More than 110,000 acres off North and South Carolina are being offered for offshore wind energy leasing, with the Bureau of Ocean Energy Management planning a May 11 auction.

The Carolina Long Bay wind energy area is reduced by 14 percent from its initial proposed sale notice in November 2021, based on a review of scientific information and advice from the commercial fishing industry and other ocean stakeholders, BOEM said in announcing Friday that it has completed an environmental review.

More than 13,000 acres were taken out of consideration early because of concerns raised in beachfront communities about the visual effect of turbines offshore.

If fully developed the two lease tracts could accommodate up to 1.3 gigawatts of wind generation capacity, according to the agency. Its initial offering has attracted information submitted by 16 potential bidders.

Wind industry advocates hailed the announcement – but also called for Congress to repeal a Trump administration moratorium on offshore energy development off the Southeast states, before it can take effect July 1.

With his fall 2020 re-election campaign in high gear, former president Donald Trump suddenly reversed his pledge to open more U.S. continental shelf waters for energy leasing.

Trump’s drilling moratorium was a bid for votes from Florida to the Carolinas, both shocking oil companies and worrying wind power advocates that it would likewise hobble their efforts. The American Clean Power Association said it’s time to reverse the moratorium.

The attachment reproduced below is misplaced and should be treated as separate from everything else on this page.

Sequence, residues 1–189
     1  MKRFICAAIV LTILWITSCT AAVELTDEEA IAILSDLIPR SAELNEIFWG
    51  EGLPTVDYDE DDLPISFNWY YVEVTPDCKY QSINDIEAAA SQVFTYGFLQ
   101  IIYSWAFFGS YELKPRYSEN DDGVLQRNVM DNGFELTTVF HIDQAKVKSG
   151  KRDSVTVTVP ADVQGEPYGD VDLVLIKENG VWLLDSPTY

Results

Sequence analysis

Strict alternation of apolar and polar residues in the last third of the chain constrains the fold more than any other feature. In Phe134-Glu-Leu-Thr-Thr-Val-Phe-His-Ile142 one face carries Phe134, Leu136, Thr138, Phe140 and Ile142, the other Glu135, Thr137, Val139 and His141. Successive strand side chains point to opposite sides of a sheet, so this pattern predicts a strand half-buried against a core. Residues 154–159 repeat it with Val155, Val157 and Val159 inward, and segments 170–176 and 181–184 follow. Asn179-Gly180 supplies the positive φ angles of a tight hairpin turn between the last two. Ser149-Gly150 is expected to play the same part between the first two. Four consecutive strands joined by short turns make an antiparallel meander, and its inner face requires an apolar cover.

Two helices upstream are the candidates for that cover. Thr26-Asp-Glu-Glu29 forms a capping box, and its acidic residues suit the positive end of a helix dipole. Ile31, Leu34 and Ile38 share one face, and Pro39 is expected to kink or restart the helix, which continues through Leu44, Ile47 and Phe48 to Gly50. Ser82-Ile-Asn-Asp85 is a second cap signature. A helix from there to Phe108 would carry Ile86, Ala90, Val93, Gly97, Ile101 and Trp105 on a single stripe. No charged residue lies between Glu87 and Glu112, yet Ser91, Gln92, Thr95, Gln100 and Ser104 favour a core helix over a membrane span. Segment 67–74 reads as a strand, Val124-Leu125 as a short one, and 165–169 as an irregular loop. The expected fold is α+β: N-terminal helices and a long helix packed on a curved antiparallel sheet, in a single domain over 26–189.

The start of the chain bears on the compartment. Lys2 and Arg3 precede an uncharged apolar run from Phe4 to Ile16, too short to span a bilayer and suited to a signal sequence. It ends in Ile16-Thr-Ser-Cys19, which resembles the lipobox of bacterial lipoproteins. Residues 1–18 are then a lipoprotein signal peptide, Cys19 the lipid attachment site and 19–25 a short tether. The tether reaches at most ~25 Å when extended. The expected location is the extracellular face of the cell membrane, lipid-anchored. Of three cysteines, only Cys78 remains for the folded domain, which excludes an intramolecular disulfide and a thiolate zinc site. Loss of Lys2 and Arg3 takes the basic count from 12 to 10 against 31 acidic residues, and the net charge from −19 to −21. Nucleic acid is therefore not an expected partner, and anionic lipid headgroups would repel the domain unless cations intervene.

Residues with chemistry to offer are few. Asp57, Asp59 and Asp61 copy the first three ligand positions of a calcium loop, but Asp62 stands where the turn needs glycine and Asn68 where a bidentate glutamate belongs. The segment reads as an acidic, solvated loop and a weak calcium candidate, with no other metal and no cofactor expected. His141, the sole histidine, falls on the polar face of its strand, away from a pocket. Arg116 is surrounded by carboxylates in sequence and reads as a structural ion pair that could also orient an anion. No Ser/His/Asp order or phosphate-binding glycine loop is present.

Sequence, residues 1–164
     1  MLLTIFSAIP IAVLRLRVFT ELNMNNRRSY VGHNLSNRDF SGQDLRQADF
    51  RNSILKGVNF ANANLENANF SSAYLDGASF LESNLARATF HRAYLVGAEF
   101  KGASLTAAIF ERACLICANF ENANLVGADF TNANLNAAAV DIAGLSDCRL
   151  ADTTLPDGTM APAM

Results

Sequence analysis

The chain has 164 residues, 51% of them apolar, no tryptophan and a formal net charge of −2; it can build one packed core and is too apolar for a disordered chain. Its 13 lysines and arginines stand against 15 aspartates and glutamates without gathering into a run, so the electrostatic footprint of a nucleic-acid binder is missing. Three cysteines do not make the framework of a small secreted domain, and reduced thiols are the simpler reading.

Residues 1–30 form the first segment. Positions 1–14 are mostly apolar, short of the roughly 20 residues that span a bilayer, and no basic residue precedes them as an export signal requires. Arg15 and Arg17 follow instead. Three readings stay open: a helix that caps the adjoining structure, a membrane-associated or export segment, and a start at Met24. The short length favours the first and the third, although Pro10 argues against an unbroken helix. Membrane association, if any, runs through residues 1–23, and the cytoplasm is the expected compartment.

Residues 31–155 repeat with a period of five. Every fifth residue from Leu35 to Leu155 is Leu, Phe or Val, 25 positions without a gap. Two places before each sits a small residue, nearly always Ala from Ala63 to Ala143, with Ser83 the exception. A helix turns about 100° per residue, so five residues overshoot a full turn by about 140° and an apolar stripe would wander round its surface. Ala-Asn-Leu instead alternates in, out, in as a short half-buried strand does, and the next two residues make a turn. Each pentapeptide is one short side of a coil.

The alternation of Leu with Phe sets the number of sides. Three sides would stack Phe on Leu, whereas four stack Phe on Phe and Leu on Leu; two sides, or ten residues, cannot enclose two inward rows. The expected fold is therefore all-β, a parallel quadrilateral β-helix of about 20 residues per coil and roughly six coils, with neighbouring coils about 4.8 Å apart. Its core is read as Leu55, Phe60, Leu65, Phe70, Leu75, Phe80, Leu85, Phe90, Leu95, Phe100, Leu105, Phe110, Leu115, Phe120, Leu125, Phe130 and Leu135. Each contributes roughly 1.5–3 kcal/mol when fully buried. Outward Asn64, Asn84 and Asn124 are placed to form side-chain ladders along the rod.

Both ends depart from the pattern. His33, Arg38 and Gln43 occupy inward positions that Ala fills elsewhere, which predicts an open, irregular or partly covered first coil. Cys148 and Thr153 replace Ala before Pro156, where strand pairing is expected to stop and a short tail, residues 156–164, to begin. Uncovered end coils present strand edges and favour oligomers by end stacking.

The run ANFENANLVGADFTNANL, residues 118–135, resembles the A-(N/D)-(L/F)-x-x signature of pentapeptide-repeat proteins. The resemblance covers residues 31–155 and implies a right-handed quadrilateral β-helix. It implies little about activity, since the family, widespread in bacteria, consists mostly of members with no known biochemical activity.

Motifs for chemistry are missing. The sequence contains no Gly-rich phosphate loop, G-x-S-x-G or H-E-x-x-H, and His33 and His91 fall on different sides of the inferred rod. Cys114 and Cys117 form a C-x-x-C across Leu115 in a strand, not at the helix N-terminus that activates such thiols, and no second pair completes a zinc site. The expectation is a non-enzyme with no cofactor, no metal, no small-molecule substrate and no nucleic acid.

“We also call on Congress to facilitate even more leasing off the Southeast U.S. by acting now to repeal the 10-year moratorium on offshore wind leasing off the coasts of North Carolina, South Carolina, Georgia, and Florida in the final, conferenced version of the Senate’s The United States Innovation and Competition Act of 2022 and the House’s America COMPETES Act of 2022,” said Josh Kaplowitz, the association’s vice president for offshore wind. “If the moratorium is allowed to take effect on July 1, it would severely constrain the anticipated economic and environmental benefits of offshore wind in the Southeast and beyond.”

The Carolina Long Bay lease conditions include new stipulations from BOEM, including an offer of a 20 percent credit to developers to invest in programs that will advance U.S. offshore wind energy workforce training or supply chain development.”

Other incentives include union labor agreements and investing in Jones Act-complaint U.S. flag vessels.

“The delineation of the two areas takes into consideration stakeholder comments while ensuring sufficient area to meet Federal and State renewable energy goals,” according to the BOEM notice.

Both lease areas have similar acreages, distances to shore, resource potential and potential wake effects between turbines, the agency says. It will allow “bidders to win one or both areas in the auction to allow for a balance between competitive and economic benefits, and the desire to utilize economies of scale.”

Among its responses to some 60 commenters during the environmental review process, BOEM planners note some issues with navigation await resolution with Coast Guard. Those include a proposed shipping safety fairway, up to 15 nautical miles wide, through the region.

Associate Editor Kirk Moore was a reporter for the Asbury Park Press for more than 30 years and a 25-year field editor for National Fisherman before joining our Commercial Marine editorial staff in 2015. He wrote several award-winning stories on marine, environmental, coastal and military issues that helped drive federal and state government policy changes. Moore was awarded the Online News Association 2011 Knight Award for Public Service for the “Barnegat Bay Under Stress,” 2010 series that led to the New Jersey state government’s restoration plan. He lives in West Creek, N.J.

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